If you've made contact with a larger intelligence it's your duty to your species to provide evidence of this intelligence.

      Otherwise, your "larger intelligence" is no more real than my imaginary friend, Larry, except that other people don't look at you weird when you talk to him.

  • Inflammatory (Score:4, Informative)

    by rumblin'rabbit (711865) on Friday February 16, 2007 @01:17PM (#18040186) Journal
    This posting seems unnecessarily inflammatory. There is no need to refer to these people as "ultra-conservative". There's a couple of reasons for my objection:
    • The term "fundamentalist Christian" is more accurate and to the point.
    • Conservativism and Christian beliefs are two quite different concepts. One can have conservative polital beliefs without being Christian, and vice versa. It's hard to see what political conservatism has to do with this event.
    • The word "ultra" suggests extremism. The reader can judge for him or herself how extreme the board members are. There is no reason for Zonk to draw conclusions for the reader.
    • Putting prefixes like "ultra" and "neo" in front of political words is often used as a disparagement, usually (I suspect) when the author has no idea what neo-conservatives or neo-liberals truly are. They just sound insulting.
    • The word "ultra" reminds one of "ultra-violence", a term from "A Clockwork Orange".
  • by Cervantes (612861) on Friday February 16, 2007 @01:35PM (#18040520) Journal
    That Ghandi dude had it right.

    "I like your Christ. I do not like your christians. They are so unlike your Christ."

    I don't think Christ would like the way people are stiffling expression and imposing their will in his name, especially with the grief he went through when he was around. I mean, seriously... "Hey everyone, be nice to each other!"... "No, we're going to nail you to a tree instead. Natch!"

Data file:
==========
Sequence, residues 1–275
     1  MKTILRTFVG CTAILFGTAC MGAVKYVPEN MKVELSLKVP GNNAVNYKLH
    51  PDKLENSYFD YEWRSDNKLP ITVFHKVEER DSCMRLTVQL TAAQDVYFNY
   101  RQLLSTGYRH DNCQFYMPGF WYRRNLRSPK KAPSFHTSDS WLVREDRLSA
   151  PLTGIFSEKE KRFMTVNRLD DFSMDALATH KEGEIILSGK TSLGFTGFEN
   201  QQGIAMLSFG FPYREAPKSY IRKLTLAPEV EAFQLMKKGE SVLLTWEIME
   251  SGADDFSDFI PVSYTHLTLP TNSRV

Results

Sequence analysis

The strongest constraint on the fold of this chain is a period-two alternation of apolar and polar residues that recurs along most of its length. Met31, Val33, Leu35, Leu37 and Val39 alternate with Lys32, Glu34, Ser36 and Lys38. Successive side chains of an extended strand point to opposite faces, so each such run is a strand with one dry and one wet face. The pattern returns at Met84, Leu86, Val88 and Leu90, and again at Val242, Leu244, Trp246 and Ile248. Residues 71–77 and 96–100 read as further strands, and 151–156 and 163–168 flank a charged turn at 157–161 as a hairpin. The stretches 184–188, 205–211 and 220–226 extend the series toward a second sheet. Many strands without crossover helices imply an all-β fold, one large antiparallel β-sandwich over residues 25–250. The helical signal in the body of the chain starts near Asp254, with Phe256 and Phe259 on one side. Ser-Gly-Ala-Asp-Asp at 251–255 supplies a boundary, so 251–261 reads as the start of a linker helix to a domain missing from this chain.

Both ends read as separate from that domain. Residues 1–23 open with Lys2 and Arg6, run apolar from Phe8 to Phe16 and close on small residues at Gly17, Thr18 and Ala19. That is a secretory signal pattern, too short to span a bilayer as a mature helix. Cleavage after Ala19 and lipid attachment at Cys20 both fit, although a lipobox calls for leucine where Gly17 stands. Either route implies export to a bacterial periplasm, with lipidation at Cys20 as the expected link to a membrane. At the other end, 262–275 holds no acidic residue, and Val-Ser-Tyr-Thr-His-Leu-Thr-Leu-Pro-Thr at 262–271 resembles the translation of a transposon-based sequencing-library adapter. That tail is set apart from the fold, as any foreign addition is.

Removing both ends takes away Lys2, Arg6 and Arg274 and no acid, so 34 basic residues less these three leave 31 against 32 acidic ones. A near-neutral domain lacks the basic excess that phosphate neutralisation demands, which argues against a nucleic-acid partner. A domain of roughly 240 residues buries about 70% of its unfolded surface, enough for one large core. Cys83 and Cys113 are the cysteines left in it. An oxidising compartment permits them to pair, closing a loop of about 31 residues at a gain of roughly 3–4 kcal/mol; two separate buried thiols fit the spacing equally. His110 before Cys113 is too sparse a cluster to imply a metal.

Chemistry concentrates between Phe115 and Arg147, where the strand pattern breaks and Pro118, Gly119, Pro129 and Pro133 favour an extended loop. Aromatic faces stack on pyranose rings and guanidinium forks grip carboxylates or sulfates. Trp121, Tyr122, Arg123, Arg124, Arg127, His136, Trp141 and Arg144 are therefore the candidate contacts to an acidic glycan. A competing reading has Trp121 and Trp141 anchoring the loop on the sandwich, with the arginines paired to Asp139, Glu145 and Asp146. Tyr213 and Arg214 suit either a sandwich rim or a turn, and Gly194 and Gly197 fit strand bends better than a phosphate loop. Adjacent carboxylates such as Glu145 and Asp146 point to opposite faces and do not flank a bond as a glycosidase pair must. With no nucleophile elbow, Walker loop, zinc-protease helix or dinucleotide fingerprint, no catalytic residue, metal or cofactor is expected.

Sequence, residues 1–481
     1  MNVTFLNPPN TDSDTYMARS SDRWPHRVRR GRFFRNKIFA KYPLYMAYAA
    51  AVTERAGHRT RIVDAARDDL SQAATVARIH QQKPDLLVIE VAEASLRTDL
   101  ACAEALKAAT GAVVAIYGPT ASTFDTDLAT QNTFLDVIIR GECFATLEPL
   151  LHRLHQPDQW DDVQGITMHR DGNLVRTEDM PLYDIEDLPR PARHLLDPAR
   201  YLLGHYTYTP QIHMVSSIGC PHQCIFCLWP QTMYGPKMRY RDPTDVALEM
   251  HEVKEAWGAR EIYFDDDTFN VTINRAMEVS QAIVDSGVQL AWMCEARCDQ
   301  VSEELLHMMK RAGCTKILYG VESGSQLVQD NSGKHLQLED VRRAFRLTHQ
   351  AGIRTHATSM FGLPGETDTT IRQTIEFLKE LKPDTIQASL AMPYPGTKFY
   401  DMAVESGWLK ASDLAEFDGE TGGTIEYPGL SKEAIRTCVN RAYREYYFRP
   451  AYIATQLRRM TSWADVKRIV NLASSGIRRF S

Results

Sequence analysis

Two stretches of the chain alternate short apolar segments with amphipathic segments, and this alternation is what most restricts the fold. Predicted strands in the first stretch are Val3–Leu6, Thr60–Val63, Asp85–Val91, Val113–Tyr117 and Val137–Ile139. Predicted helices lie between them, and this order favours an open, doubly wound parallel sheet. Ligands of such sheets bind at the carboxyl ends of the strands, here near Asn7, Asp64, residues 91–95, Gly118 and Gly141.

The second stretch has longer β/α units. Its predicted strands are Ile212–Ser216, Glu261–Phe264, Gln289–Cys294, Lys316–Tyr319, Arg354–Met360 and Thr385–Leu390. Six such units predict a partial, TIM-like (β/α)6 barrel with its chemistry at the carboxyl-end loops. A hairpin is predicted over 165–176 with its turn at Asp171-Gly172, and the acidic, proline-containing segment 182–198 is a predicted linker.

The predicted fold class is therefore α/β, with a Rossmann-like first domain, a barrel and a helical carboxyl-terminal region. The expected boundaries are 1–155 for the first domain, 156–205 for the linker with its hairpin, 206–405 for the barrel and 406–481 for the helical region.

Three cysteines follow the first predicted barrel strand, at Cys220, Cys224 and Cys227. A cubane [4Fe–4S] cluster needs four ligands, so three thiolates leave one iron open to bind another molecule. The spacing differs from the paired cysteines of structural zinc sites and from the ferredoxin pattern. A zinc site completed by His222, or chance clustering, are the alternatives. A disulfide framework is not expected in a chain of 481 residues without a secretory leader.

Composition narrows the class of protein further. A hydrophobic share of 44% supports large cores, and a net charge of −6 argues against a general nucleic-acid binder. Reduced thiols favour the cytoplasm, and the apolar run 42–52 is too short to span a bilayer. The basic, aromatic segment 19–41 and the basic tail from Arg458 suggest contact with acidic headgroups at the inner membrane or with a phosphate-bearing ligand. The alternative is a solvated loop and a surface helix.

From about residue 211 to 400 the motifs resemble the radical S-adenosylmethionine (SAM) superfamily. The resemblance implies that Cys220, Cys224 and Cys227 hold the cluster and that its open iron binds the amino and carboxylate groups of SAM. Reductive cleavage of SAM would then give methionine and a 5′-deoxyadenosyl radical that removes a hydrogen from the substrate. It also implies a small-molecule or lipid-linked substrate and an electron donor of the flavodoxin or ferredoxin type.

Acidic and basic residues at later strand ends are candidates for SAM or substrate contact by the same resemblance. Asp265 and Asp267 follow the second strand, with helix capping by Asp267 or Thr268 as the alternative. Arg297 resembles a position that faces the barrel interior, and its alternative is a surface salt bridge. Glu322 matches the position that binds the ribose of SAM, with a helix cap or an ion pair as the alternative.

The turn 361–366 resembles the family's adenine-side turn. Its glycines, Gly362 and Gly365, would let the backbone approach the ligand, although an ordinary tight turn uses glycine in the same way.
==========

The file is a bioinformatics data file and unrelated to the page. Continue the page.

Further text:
If good ole JC was around right now, I'm sure we wouldn't be having silly discussions like this...
  • by tacokill (531275) on Friday February 16, 2007 @01:48PM (#18040756)
    I'm confused here. What definition of "evolution" are we talking about here?

    Evolution, as I know it, merely means "adaptation of species". It, in no way shape or form, evaluates HOW they started (creation).

    Lots and lots of ppl (even on /.) confuse evolution with "creation". They are NOT the same. When you say you disagree with evolution, do you disagree with adaptation of species? or that evolution is the correct explanation for "how we were created". Note the distinction.


    I ask this because I just had this conversation with a very smary friend of mine. He said he doesn't buy into evolution and I thought "whoa! are you kidding me?". Well, after discussing this with him a while, I realized he was substituting "evolution" for "creation". Once we agreed that evolution meant "adaptation of species and nothing more", he agreed that he DID buy into evolution. It struck me because it appears to me a lot of people fall into this trap. Most everyone agrees with adaptation of species. But views diverge when you start discussing how it all started.

    So, be careful with definitions when you discuss evolution (I know I am not the only one discussing this subject in my free time).

The study of non-linear physics is like the study of non-elephant biology.